Someday I’d like to write something helpful for all the people who are out there wondering how to get into the discipline of creativity, because I think they’re approaching it wrong, and no wonder—if you seek help on how to start a creative practice, you’ll be flooded with advice about how Jerry Seinfeld is a slave to the string of successful days on his calendar and how so-and-so locks himself in his attic for six hours every Saturday and cranks out four drafts a year.

Reader, I don’t recommend these approaches. If this sort of thing worked, everyone would be a novelist if they wanted.

These days it’s slow going, creatively. Until today, for weeks I’d written something like a measly 67 words, and those were stolen from bedtime. In any event most of my current draft of Book Three is probably destined for the metaphorical wood chipper (word chipper?). It’s an exercise in futility. And yet here we are, moving tiny bits of magic out of inspiration, and letting that be the only point.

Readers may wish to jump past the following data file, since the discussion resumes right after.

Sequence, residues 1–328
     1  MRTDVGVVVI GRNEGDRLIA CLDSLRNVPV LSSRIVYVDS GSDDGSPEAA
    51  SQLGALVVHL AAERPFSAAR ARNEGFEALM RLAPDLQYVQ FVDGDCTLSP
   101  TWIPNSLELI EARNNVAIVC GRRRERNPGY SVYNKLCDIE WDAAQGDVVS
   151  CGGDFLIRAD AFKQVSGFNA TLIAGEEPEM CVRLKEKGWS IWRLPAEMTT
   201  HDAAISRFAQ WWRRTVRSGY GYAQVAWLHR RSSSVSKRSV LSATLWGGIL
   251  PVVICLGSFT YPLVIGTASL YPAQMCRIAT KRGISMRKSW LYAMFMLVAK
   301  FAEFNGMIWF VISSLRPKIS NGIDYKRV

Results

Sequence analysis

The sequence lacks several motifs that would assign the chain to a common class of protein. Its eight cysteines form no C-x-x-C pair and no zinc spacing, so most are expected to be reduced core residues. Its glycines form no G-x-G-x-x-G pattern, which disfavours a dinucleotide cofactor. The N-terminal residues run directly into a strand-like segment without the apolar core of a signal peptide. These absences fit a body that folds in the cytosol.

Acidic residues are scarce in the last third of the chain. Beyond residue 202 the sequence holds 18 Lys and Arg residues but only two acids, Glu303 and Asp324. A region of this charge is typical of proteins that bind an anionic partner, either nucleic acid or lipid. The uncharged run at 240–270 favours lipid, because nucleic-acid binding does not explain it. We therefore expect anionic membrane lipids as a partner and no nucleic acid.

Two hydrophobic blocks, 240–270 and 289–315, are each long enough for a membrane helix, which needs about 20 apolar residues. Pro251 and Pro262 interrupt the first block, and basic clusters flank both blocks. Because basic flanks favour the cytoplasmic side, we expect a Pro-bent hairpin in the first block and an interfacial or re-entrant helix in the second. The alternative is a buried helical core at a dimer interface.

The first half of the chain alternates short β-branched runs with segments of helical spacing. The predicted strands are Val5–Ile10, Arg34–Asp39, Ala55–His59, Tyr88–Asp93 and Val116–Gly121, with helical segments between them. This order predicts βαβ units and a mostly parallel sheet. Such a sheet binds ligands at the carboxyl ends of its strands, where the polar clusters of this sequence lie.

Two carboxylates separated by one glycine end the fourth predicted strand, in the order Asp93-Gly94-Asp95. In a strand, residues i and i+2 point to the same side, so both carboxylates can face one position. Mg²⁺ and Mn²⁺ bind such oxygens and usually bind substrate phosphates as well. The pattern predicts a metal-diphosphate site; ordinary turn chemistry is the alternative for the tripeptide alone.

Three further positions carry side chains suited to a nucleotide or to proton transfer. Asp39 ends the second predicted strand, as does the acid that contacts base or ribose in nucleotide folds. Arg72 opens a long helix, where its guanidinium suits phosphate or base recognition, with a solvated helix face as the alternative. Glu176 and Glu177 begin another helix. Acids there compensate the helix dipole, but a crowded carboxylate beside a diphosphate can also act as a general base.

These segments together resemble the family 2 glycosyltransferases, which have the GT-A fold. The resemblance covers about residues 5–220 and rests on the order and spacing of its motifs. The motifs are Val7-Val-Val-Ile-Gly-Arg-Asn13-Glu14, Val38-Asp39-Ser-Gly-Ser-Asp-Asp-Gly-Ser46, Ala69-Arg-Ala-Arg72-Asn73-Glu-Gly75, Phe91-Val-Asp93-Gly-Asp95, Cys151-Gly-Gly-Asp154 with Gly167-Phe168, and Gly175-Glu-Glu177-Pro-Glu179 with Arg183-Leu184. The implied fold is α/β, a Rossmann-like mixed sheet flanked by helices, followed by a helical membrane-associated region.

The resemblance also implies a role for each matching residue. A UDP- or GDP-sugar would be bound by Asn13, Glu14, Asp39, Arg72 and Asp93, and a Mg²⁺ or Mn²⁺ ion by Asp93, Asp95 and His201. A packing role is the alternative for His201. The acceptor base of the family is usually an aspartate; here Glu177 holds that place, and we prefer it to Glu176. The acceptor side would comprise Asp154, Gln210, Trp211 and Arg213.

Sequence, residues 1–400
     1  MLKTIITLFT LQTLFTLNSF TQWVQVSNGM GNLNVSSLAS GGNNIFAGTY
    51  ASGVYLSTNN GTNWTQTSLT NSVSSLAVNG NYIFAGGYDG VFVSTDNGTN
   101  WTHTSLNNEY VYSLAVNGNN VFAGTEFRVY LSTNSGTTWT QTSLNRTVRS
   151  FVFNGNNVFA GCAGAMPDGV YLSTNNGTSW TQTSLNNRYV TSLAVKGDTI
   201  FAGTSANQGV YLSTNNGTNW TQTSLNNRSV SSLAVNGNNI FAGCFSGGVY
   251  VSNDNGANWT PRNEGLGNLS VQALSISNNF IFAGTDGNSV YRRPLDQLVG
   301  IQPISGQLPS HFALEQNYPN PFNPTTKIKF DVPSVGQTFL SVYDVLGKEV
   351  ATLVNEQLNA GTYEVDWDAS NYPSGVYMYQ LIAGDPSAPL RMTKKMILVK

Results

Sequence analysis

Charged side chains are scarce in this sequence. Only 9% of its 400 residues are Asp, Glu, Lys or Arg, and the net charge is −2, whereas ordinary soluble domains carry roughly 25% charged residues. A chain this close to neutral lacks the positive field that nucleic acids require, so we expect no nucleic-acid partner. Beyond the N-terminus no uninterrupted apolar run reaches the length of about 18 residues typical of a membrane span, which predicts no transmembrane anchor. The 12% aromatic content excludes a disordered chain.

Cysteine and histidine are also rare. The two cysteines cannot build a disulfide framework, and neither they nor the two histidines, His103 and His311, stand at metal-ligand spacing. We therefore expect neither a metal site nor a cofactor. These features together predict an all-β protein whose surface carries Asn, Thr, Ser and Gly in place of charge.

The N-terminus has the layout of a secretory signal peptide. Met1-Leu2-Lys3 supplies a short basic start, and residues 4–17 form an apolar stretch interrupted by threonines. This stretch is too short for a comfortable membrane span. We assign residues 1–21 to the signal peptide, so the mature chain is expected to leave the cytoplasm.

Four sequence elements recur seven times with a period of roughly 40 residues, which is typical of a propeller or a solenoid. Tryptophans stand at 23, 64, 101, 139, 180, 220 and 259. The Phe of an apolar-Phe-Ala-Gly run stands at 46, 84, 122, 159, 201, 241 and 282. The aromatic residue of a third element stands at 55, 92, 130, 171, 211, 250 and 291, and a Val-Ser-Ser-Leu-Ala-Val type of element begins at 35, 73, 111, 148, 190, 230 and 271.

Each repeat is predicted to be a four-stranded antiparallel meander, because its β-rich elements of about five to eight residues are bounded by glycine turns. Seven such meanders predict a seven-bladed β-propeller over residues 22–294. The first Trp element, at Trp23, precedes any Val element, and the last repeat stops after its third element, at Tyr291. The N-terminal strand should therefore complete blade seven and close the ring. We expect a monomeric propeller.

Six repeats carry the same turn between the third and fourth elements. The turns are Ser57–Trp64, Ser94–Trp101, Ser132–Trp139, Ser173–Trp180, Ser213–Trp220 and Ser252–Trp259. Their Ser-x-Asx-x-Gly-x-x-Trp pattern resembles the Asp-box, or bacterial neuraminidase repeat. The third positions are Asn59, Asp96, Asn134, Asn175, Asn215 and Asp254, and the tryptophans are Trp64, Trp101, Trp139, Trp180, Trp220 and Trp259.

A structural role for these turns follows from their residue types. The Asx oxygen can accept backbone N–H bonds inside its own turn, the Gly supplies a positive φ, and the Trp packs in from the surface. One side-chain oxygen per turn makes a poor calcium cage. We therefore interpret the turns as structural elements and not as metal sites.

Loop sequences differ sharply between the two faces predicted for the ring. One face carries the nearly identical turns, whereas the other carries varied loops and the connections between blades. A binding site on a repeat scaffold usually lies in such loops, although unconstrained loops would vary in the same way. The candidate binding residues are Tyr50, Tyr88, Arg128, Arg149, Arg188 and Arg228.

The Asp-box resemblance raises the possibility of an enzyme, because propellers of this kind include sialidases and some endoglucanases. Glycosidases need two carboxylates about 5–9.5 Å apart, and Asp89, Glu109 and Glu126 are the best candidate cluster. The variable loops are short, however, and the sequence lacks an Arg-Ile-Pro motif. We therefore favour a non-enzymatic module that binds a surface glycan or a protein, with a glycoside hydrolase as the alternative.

And the swarm descended

I had this thought as I walked on the National Mall today:

There’s something alike in the methods and the madness of the tourists and the periodical cicadas.

Consider it: both emerge at the outset of summer, although the cicadas have the decency to stay away sixteen years out of every seventeen.

It appears that they share a survival strategy: namely, being too numerous to eliminate. Both amble in packs across streets slowly and against the light, ambling awkwardly, veering into traffic, apparently daring cars and bikes and other pedestrians to collide with them. They find safety in numbers. And that’s just the cicadas!

But there’s something optimistic about both of them. Both look to the future. The cicadas awaken to mate furiously and create enough larva to emerge once again next time. They won’t live to see it.